Development of a Field Emitter Array Based High-Current Electron Injector
Department of Energy
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Small Business Information
Advanced Energy Systems, Inc.
27 Industrial Blvd., Unit E, Medford, NY, -
Socially and Economically Disadvantaged:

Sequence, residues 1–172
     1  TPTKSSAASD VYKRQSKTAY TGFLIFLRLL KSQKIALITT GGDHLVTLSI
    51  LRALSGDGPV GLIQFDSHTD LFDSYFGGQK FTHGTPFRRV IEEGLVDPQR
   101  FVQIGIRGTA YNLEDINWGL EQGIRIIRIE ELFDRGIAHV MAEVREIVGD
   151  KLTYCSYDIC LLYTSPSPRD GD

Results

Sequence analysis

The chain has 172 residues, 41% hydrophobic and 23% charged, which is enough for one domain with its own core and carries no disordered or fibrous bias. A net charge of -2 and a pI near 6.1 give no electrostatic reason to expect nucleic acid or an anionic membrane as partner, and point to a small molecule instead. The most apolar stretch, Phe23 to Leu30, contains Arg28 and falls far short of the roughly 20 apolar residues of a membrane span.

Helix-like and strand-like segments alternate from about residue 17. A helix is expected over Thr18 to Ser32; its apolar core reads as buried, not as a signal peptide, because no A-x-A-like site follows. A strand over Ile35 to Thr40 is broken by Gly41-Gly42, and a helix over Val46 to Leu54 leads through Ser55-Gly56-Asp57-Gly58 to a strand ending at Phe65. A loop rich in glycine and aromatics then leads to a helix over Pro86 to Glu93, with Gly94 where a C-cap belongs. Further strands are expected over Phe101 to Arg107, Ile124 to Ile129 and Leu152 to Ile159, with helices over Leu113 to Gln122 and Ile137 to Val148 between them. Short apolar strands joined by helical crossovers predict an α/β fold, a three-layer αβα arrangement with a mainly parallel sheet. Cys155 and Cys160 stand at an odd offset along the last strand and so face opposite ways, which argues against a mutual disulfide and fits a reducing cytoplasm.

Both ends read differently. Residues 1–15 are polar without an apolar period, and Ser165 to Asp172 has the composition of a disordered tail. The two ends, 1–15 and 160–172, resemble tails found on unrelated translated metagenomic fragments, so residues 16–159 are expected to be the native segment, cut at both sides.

AbstractAt present there exists a very significant science and technology gap for the production of photocathodes that have both high quantum efficiency (QE) and long lifetime. The National Academies has identified this as an area of critical importance to the development of high-power free-electron lasers (FEL). If the high-current electron injectors required are based on low-QE cathodes, then the required drive laser has a prohibitive average power requirement. Conversely, if existing high-QE cathodes are utilized then the operational lifetimes, which are on the order of hours, are outside of what is acceptable for user facilities or other applications. New cathode and injector technologies that obviate the need for high-QE photocathodes and complex drive lasers may be a key component in the future development of high-power free-electron laser. We propose a focused development program that integrates recent advances in field emission cathodes with new paradigms in radio-frequency (RF) gun design. Diamond field emission cathodes have demonstrated high-current capability, chemical inertness, excellent emission uniformity, and transverse emittance compatible with high-brightness performance. Phase I will involve performance optimization of diamond field emitter arrays through precise control of morphology, composition, and surface functionalization, and simulation, modeling and preliminary design of the gun concept that will be produced in phase II. The ultimate goal of phase II will be the demonstration and characterization of a field emission based high current RF injector. Should the program prove successful, not only would the cathodes provide improved economic and reliability performance for existing user facilities such as light sources and FELs, but could also allow penetration into markets presently restricted to thermionic cathodes such as environmental remediation systems for water remediation and flue gas scrubbing
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